How Developers Can Secure Their Apps in the New Age of Web Attacks

Ensuring app security is a basic necessity for app development and should not be just an afterthought. Cyberattacks on mobile devices have increased over the years with the growing popularity of web-enabled smartphones and tablet computers. As such, there is a clear need to actively protect apps from various types of web attacks. There is also a need to be dynamic with the kind of security measures to implement. The nature of attacks has changed so the techniques and strategies used in the past may no longer be as effective at present.

There is no perfect formula in addressing the evolving nature of web attacks on apps. However, the following pointers should serve as a useful guide in building a good enough level of protection:

iPad app

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1. Minimize User Inputs or Totally Eliminate Them

Text messages, images, and other media uploaded by app users are not a good idea if you are trying to keep your app secure. These uploadable contents or media can be used by a skilled hacker to explore and exploit vulnerabilities. Basically, if you are trying to accommodate user uploads or inputs, you have the responsibility to secure them. The more of these you accept, the more securing responsibility you will be obliging yourself to do. Moreover, it’s important to note how most of the cyber-attacks nowadays are anchored on deception and not on security flaws. Hence, limiting user inputs and reminding users in being cautious with their logins make a lot of sense.

2. Keep the Client or Installed App Dumb

Apps intended for smartphones or mobile devices don’t have to be so smart that they get to do so many things. It’s always safer to keep them dumb. In other words, they should do very minimal processing. In an interview with Ars Technica, Dan Kuykendall, the chief technology officer of security testing company NT objectives, shared that making an app store less data and do fewer processes is recommended. Data and processes are easier to sniff and exploit if they reside right within the device where the app is installed.

It’s advisable to use a well-defined API to connect the app installed on a device to an effectively secured backend that can take charge of the real instruction or information processing work. It is also very important to make sure that only legitimate users get to access an app’s backend. This can be done through prudent session management, strong access controls, and properly-defined interfaces capable of limiting accessible data..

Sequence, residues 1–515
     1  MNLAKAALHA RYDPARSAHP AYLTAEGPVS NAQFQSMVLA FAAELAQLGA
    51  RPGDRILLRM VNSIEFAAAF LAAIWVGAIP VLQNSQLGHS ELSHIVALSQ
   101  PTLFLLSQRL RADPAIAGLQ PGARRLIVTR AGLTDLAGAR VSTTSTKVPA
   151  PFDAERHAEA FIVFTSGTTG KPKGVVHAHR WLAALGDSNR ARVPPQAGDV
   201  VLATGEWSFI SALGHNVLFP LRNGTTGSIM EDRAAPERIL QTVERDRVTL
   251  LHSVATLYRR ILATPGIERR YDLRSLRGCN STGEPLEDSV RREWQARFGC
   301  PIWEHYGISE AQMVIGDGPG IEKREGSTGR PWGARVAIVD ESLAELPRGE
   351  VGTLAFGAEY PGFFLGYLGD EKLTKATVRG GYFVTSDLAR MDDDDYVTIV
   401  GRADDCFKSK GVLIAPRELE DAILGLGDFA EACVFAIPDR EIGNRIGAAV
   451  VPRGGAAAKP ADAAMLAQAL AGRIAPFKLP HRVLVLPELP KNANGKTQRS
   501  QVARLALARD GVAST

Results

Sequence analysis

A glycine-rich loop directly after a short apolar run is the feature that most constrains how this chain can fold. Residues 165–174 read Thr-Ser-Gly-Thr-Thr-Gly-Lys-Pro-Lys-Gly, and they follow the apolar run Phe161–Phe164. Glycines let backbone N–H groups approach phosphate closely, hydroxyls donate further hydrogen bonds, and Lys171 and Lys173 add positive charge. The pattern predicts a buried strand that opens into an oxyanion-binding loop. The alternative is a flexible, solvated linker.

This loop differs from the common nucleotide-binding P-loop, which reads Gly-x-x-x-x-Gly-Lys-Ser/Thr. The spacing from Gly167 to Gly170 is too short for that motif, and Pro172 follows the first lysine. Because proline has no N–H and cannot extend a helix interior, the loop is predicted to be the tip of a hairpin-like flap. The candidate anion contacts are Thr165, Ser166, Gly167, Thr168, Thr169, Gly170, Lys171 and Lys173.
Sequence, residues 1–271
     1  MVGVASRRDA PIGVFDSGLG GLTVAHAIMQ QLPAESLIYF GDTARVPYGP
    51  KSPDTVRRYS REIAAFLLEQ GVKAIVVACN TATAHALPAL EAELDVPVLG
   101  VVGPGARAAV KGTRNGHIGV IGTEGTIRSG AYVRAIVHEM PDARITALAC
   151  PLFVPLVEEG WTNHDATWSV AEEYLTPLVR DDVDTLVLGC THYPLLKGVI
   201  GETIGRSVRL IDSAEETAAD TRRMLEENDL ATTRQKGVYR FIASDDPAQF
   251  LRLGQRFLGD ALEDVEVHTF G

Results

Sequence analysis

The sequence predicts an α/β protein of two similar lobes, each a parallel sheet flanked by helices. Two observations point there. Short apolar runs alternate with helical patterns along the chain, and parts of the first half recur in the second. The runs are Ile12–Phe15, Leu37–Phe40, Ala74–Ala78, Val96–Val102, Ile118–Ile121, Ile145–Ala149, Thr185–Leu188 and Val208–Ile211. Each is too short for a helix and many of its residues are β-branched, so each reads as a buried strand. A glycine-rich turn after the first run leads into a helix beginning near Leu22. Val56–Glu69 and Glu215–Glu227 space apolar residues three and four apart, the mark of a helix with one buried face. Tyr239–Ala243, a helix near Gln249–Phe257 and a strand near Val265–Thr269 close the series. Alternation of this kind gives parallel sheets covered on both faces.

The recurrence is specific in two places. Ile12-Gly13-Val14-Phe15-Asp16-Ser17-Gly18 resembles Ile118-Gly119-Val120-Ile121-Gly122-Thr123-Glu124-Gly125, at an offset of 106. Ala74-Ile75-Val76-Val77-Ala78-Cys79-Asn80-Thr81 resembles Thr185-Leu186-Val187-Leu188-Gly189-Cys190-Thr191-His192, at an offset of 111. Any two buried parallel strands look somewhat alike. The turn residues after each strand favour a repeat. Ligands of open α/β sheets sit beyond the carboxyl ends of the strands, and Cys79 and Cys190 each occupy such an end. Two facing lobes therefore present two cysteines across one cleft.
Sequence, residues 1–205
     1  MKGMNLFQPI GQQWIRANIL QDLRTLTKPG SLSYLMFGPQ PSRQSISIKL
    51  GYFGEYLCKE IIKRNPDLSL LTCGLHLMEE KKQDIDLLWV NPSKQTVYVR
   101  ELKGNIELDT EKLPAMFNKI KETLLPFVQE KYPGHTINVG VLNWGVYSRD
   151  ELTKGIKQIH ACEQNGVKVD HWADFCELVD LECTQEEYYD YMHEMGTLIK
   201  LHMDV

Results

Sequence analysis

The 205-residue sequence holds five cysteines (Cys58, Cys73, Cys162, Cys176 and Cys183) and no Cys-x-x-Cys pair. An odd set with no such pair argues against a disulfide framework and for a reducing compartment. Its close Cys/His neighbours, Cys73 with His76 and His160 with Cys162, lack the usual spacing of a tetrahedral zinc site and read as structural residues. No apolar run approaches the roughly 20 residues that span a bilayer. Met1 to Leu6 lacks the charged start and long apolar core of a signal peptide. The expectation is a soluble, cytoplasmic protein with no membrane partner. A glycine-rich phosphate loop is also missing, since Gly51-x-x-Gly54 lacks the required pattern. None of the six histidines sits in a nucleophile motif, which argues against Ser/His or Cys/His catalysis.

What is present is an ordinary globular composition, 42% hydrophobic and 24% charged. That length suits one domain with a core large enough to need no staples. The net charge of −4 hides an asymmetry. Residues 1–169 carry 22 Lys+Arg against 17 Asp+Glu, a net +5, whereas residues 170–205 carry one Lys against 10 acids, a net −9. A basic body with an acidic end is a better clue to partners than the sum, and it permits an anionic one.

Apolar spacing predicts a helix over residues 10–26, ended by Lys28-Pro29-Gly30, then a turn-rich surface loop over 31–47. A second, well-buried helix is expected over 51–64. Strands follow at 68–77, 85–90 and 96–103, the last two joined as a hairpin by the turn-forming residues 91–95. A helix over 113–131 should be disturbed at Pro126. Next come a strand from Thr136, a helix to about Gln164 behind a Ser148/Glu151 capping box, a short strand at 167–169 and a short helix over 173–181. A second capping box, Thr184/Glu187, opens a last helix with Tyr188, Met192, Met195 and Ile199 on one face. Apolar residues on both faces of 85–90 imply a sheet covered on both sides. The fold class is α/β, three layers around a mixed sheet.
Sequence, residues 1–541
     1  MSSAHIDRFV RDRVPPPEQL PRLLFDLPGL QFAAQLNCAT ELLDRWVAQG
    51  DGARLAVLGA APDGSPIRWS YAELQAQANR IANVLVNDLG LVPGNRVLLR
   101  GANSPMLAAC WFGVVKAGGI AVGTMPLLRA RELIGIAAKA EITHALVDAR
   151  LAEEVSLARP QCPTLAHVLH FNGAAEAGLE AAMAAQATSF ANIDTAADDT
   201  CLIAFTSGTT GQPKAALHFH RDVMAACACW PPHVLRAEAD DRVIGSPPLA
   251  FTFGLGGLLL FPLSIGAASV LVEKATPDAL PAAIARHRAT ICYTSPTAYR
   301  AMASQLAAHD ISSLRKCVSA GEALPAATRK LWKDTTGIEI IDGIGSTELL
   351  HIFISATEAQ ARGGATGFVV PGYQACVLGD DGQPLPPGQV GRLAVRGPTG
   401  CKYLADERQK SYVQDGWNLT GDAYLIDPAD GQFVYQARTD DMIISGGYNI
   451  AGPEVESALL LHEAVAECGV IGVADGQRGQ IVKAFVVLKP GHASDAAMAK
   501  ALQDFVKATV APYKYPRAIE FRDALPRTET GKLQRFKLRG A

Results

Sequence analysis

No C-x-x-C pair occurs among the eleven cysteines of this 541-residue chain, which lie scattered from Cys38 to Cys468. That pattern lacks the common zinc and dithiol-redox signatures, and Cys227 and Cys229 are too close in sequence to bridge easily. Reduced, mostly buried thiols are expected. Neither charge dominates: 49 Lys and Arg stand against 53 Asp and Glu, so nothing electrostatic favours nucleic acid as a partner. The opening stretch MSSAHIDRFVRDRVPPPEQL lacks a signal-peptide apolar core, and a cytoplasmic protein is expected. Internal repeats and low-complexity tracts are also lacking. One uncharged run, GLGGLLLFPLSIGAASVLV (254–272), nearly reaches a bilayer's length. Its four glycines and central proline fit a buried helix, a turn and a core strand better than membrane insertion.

3. Encrypt Traffic

All connections an app does online should be protected by Secure Socket Layer (SSL) encryption. However, SSL protection may not be enough. It does well when encrypting connections for web browser-like apps but it’s not as effective in protecting other types of apps that automatically reconnect to available open networks, including rogue devices that act as SSL proxies. There’s the need to limit the automatic online connections of an app especially those involving automatic updates, file transfers, and synchronizations.

4. Anticipate the Potential Attacks and Vulnerabilities that Will Be Exploited

It will be helpful to review the Open Web Application Security Project (OWASP) list to be acquainted with the leading vulnerabilities hounding web applications. Threats vary and evolve over time so it helps knowing how they have advanced to be able to prepare for them. There are many free application security tutorials available online so be sure to make use of them.

5. Don’t Write Your Own Security Controls

Jerry Hoff of the code analysis division of WhiteHat Security says that it is not advisable to write your own security controls since you will likely fail. Hoff says that someone who is not involved in studying security 24/7 does not have enough of the competence and experience to come up with proper security measures. It is preferable to rely on security controls that have been tried and tested in actual use, and regularly updated by people in the know.

6. Be Consistent in Applying Security Controls

In most cases, attackers only need one security vulnerability to exploit an app’s weakness and get through the security controls in place. That’s why it’s very important to be consistent. Different developers have different approaches in ensuring security. There are different ways of handling security controls but what is important is to have consistency. Inconsistency leads to loopholes or small defects that can be exploited.

7. Perform Code Analysis or Program Audit

Code analysis refers to the process of evaluating the behavior of computer programs. Of course, every formally trained app developer knows this but for the sake of those who are self-taught, it’s worth pointing this out. There are two main approaches in program or app code analysis: static and dynamic code analysis. Static code analysis means the evaluation of an app without actually executing it, usually performed on a version of the source code. Static code analysis can be performed by an automated tool. Dynamic code analysis, on the other hand, involves the actual execution of the app using a real or virtual processor. Naturally, dynamic code analysis is more tedious and time-consuming. However, as to which approach is better, dynamic code analysis or static analysis, the answer depends on need or preference.

These are just general pointers worth remembering. As mentioned, the nature of web attacks on apps changes over time. The goal here is to look at the bigger picture and be dynamic in addressing threats instead of focusing on the specifics.

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